Health Risks of Inhaling Aerosols

Aerosol inhalation, whether deliberate or unintentional, has consequences for a person’s wellbeing. Skin rashes, asthma, and breathing problems are some of the most common health risks associated with continued inhalation of aerosols, especially sprays. This is due to the body’s respiratory responses to the inhaled particulate matter (Walsh, 2013). Aerosol inhalation is affecting a growing number of people. Many that deliberately inhale aerosols or are exposed to aerosols due to the nature of their work may suffer from the well-known death-sniffing syndrome. Such often results due to the heart diseases associated with the use of aerosols. There may also be kidney complications, damage to the nervous system as well as seizures and dementia. The various complications allude to the need to make workplaces free of any form of an aerosol.
Health Risks of Radiation
According to the CDC (2013), the exposure to or getting in contact with radiation has both short term and long term implications on the health of a person. Immediately a person is exposed to high doses of radiation; they may experience acute radiation syndrome characterized by nausea leading to vomiting, headache, and diarrhea. The symptoms may commence within minutes or after a few days of exposure. However, the most danger of being exposed to radiation is the development of various kinds of cancer. Exposure to radiation tends to activate oncogenic genes and lead to uncontrolled growth of cells in the body. The risk of cancer is directly proportional to the duration and amount of radiation to which a person is exposed. The exposure to radiation is also harmful to expectant mothers in a workplace as it may affect the unborn babies. Therefore, stringent measures need to be taken to eliminate radiation exposure where people work.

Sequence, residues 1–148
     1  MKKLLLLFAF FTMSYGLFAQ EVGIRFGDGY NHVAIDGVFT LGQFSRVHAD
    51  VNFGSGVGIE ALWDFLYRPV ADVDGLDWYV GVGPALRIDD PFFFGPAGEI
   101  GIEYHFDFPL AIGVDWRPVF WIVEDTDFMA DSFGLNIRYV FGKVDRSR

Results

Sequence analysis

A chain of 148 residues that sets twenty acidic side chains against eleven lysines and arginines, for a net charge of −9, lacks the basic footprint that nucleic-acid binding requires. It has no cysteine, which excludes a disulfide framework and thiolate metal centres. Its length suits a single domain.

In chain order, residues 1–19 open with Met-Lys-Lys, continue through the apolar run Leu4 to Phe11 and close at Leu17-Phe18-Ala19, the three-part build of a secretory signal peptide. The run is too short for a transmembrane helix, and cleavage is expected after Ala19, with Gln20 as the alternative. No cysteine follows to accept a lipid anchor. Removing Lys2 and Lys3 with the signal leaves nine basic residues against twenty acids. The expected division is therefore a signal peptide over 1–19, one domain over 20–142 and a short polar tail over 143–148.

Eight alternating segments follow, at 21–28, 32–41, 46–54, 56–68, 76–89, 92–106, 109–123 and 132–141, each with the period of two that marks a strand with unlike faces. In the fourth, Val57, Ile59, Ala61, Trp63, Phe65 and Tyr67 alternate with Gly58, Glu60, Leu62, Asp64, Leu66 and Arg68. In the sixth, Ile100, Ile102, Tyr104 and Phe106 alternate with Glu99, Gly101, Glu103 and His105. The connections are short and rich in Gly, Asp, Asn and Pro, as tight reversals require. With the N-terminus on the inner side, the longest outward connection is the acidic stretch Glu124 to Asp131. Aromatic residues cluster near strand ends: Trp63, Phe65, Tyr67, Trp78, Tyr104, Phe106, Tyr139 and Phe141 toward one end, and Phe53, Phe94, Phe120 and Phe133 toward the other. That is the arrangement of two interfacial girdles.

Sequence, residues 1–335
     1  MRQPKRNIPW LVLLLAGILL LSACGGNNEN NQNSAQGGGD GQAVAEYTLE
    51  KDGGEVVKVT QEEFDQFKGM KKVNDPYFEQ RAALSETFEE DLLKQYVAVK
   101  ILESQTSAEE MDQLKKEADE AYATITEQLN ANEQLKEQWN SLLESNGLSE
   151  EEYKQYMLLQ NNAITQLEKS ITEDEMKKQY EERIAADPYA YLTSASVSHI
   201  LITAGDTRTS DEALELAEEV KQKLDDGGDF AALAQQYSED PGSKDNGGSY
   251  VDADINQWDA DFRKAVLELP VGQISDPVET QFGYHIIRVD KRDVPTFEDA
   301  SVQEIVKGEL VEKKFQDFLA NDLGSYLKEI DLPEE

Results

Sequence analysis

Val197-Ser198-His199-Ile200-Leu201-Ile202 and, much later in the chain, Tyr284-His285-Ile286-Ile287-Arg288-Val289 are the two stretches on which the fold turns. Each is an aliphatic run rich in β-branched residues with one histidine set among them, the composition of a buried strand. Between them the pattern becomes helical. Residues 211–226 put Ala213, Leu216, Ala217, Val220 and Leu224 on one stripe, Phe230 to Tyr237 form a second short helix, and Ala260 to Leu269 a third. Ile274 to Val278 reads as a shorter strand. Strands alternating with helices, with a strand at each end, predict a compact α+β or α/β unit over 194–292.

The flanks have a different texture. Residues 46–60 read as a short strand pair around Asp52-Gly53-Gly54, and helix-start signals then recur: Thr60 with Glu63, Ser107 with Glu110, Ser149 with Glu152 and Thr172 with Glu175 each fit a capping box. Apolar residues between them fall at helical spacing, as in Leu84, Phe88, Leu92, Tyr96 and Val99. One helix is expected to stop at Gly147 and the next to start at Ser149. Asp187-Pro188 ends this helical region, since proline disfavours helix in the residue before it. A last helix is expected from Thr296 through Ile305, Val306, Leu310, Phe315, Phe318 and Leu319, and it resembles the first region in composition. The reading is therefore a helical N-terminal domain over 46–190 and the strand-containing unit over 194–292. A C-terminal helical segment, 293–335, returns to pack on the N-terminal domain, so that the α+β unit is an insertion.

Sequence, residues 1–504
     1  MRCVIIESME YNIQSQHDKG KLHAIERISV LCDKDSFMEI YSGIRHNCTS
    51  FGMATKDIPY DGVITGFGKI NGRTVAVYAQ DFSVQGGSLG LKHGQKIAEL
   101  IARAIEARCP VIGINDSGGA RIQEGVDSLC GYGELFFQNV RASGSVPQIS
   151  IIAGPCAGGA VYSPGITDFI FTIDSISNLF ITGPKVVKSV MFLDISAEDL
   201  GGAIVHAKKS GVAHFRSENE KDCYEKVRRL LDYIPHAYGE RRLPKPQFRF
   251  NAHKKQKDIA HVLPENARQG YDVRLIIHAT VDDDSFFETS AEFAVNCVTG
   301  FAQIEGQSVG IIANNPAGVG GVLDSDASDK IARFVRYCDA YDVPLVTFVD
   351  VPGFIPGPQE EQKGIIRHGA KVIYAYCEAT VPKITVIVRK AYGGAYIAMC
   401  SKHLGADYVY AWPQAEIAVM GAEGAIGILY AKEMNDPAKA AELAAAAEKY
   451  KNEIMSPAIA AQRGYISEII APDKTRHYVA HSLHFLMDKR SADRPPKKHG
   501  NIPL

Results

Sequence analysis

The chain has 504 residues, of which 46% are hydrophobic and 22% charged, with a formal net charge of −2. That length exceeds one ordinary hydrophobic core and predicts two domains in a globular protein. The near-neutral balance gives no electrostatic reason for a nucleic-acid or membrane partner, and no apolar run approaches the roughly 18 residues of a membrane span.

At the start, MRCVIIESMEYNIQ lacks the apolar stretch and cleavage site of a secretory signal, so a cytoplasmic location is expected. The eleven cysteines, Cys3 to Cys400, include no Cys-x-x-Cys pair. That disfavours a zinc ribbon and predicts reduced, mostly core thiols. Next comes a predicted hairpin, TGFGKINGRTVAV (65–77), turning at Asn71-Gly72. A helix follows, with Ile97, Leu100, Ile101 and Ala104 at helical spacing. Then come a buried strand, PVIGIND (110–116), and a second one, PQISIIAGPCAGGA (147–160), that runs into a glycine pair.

CDC, (2013). Possible Health Effects of Radiation Exposure and Contamination. Retrieved 12 November 2017 from
Walsh, S. (2013). The hidden dangers of deodorant sprays: Headaches. Eczema. Asthma. Even fatal heart problems. Daily Mail. Retrieved 12 November 2017 from

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